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Statue of iconic moment celebrating end of WWII vandalized after kissing Sailor dies at 95

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NEW YORK – AUGUST 14: Carl Muscarello and Edith Shain, who claim to be the nurse and sailor in the famous photograph taken on V-J Day, kiss next to a sculpture based on the photograph in Times Square to commemorate the 60th anniversary of the end of World War II August 14, 2005 in New York City. Alfred Eisenstaedt took the famous photograph in Times Square but did not note the names of the people in the picture. (Photo by Mario Tama/Getty Images)

The sailor captured in Life Magazine’s iconic photo kissing a nurse in Times Square to celebrate the end of World War II has died at the age of 95.

How did a radical part of today’s generation recognize his death?

In the feminist-driven #MeToo age, they vandalized a statue in Florida capturing the famous pose in the photograph known as “The Kiss.”

The Sarasota Police Department reported an unknown individual spray painted in red the phrase “#MeToo” on the nurse’s leg in the Unconditional Surrender statue — there is no available surveillance video in the area that captured the incident.

George Mendonsa of Newport, R.I., who has maintained for decades he was the man in the famous Aug. 14, 1945, photograph, died Sunday, according to the Washington Examiner.

Having been deployed to the Pacific, Mendonsa was on leave that day and was seeing a matinee movie with another woman near Times Square when news broke that the war was over, The Examiner reported.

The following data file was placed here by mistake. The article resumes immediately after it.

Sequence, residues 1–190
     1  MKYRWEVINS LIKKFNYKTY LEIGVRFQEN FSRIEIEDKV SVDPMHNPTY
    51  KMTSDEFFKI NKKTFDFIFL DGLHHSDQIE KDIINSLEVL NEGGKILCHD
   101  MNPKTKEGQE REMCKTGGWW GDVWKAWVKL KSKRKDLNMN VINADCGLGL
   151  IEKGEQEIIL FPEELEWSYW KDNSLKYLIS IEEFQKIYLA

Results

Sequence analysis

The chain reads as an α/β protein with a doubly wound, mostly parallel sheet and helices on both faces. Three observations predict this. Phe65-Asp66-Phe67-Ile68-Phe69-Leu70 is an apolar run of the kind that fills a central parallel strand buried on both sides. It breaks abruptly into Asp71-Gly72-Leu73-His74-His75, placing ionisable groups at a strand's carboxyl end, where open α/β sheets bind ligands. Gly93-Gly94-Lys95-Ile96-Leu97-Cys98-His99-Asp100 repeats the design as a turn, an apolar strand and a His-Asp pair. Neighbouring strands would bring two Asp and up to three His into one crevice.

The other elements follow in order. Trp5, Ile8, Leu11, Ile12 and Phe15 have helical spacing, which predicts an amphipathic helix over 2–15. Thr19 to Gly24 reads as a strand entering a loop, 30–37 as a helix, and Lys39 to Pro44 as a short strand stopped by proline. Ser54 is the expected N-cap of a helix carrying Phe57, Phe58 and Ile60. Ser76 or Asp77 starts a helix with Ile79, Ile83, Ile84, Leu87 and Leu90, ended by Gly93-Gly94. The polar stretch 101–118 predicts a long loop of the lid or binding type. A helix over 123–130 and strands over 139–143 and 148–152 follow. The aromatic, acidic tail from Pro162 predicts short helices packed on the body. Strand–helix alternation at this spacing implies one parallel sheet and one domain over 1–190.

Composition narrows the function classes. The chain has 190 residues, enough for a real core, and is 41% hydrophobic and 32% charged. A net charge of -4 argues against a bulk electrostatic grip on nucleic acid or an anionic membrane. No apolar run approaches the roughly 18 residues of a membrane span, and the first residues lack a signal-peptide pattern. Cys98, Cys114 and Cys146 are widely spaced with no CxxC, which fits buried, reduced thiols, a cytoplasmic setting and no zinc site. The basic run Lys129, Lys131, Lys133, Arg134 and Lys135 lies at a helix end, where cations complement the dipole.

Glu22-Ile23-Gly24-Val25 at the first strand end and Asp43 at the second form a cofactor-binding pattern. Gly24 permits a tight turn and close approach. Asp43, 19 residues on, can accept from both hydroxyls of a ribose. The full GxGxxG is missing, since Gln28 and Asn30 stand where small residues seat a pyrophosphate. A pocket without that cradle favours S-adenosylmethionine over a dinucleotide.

https://twitter.com/_Jes_Lyn_/status/1097668958889615360

He reportedly hit a few bars to celebrate and when he encountered the nurse in the street, Greta Zimmer Friedman, he grabbed her and planted a kiss.

Yes, without asking for permission.

The couple are from an era that Tom Brokaw tagged the Greatest Generation. A generation that endured hardship and sacrifice today’s hypersensitive Millennial Generation could not begin to fathom as they fret over their latte macchiato about the latest offenses to their delicate sensibilities.

Mendonsa and Friedman would reunite in 1980 at the invitation of Life Magazine — Mendonsa said this was the first time he saw the iconic photograph taken by Alfred Eisenstaedt. Some 35 years later.

The couple would appeared on CBS This Morning and Friedman wasn’t complaining about being kissed.

“You don’t forget this guy grabbing you,” she said with a smile.

America was gearing up for what appeared at the time to be an inevitable invasion of Japan, a campaign expected to result in more than a million casualties because of the fanaticism of the Japanese soldier, who refused to quit fighting when defeated.

It’s not hard to image the elation of the American people to suddenly learn that Japan had surrendered and the war was finally over — more than 418,000 Americans died in World War Two.

On a positive note, the graffiti has been removed:

Meanwhile, the debate rages on in the toxic wasteland known as Twitter on whether the incident was sexual assault or not.

Here’s a sampling of responses:

Tom Tillison

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